Compared to large and colorful butterflies like swallowtails and Monarchs, skippers are usually difficult to identify. Even so, they are easier than most of the moths that I find, but they are still tricky. Consider the skipper pictured above. It is small, brown, and has almost no distinctive markings. I think that makes it a Dun Skipper (Euphyes vestris), but it is difficult to be sure with such a plain butterfly.
This one looks easier to identify, but that did not stop me from misidentifying it at first.When I first looked through my butterfly guide, I thought it was a Sachem because none of the others seemed like good matches. Thanks to some of my Flickr contacts, I found out that it is actually a Broad-winged Skipper (Poanes viator). What threw me was that my guide's images seemed to show a much brighter and more contrasting streak down the middle of the hindwing. Apparently the hindwing can look plainer, as this one does.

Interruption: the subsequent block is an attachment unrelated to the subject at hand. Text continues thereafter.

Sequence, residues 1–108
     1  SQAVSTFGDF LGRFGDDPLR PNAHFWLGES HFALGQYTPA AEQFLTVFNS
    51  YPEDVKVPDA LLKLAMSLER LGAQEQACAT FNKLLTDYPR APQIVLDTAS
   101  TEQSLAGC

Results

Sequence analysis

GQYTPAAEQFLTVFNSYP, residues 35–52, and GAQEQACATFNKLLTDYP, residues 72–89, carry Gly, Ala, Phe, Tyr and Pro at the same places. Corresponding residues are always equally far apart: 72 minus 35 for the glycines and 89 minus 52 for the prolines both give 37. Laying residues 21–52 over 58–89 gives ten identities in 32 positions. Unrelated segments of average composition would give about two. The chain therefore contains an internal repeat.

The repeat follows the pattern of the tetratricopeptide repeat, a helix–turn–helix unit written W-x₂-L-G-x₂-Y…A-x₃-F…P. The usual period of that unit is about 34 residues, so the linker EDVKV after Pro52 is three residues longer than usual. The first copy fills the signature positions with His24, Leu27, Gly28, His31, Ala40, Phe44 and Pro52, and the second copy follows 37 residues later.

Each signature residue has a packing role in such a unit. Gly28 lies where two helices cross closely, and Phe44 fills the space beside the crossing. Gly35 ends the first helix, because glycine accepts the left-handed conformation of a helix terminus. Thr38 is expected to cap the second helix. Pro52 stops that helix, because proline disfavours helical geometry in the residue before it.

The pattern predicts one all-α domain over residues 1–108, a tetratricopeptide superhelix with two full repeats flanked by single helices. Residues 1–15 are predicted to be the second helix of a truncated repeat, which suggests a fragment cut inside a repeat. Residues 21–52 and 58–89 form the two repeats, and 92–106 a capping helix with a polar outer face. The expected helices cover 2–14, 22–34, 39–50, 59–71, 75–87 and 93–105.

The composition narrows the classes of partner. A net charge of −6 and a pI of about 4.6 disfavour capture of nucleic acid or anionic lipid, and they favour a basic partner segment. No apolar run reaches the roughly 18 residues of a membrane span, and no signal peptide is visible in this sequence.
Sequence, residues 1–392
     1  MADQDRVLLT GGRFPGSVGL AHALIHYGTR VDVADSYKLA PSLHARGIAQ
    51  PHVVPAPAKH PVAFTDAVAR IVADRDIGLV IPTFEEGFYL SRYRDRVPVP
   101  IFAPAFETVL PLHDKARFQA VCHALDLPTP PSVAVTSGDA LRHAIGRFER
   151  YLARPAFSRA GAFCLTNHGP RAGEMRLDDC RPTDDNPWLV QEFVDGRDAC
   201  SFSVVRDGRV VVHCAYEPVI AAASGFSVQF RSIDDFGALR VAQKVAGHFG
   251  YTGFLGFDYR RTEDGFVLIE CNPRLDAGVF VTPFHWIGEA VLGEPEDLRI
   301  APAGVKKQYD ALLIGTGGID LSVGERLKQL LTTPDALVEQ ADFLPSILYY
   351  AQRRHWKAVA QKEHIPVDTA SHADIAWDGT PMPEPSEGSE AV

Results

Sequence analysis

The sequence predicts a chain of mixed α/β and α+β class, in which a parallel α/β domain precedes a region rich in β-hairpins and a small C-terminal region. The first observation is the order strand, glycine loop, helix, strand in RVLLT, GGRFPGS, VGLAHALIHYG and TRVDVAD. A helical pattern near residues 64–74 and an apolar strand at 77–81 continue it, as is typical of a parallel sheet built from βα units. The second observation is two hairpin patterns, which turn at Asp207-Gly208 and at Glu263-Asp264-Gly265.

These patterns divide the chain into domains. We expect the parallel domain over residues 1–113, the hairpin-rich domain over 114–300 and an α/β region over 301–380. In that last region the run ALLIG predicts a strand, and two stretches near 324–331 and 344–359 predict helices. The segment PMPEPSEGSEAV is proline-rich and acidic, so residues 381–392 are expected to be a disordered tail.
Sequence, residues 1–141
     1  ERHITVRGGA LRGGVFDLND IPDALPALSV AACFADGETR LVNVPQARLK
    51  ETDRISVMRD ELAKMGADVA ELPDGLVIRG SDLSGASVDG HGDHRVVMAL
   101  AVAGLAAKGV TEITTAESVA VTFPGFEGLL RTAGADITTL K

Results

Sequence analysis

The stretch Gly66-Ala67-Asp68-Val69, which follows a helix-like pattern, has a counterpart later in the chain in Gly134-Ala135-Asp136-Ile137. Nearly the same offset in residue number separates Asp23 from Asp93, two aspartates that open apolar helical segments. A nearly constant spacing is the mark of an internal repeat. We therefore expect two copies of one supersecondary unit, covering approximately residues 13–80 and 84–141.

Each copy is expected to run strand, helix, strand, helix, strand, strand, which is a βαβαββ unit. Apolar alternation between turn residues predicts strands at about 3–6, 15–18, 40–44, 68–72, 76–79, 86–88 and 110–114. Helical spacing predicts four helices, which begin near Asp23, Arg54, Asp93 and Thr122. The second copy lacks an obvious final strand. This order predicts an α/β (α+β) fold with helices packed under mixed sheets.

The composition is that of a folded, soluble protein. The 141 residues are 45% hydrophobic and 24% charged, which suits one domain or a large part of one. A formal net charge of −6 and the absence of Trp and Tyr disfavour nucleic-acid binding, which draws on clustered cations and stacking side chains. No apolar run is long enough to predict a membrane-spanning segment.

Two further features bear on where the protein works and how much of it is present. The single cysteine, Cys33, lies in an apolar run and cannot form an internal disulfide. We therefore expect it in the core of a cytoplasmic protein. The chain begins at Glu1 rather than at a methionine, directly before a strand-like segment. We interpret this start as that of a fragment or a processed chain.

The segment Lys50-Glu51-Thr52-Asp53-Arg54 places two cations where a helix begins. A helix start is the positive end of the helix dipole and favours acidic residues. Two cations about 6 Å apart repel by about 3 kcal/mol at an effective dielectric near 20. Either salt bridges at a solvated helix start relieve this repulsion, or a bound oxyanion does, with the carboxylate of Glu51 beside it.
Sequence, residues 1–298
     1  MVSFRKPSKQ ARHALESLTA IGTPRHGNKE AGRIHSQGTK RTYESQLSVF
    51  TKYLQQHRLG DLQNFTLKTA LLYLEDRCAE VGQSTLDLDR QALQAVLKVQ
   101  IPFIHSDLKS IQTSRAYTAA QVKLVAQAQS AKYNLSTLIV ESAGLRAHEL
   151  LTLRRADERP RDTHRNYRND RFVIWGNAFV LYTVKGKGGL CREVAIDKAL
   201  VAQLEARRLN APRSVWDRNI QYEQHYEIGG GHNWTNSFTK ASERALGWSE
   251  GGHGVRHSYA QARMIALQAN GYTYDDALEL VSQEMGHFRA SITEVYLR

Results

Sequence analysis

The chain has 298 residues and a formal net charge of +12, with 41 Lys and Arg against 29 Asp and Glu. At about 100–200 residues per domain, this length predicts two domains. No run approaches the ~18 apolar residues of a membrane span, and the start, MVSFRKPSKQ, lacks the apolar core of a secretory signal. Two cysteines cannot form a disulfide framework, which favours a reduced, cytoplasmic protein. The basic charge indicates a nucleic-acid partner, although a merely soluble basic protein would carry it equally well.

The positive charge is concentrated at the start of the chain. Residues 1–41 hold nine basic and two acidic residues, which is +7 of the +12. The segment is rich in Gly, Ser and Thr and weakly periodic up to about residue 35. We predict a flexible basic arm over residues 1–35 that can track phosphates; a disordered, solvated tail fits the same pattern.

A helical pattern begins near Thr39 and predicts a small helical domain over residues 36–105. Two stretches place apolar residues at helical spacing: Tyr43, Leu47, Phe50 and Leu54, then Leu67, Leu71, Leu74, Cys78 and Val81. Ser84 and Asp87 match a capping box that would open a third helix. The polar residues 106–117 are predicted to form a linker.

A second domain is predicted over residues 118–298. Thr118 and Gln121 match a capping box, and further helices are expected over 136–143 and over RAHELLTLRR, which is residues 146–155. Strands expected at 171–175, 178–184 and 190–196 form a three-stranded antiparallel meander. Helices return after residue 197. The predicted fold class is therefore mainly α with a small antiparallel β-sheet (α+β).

I liked this view of a Broad-winged Skipper feeding on phlox.
Luckily not all skippers are quite as difficult. The one above was a new species for me but fairly easy to find in the guide. This is a Peck's Skipper (Polites peckius). This one was tiny, even for a skipper. You can see how small it is if you compare its size relative to the flowers to the Broad-winged Skippers above.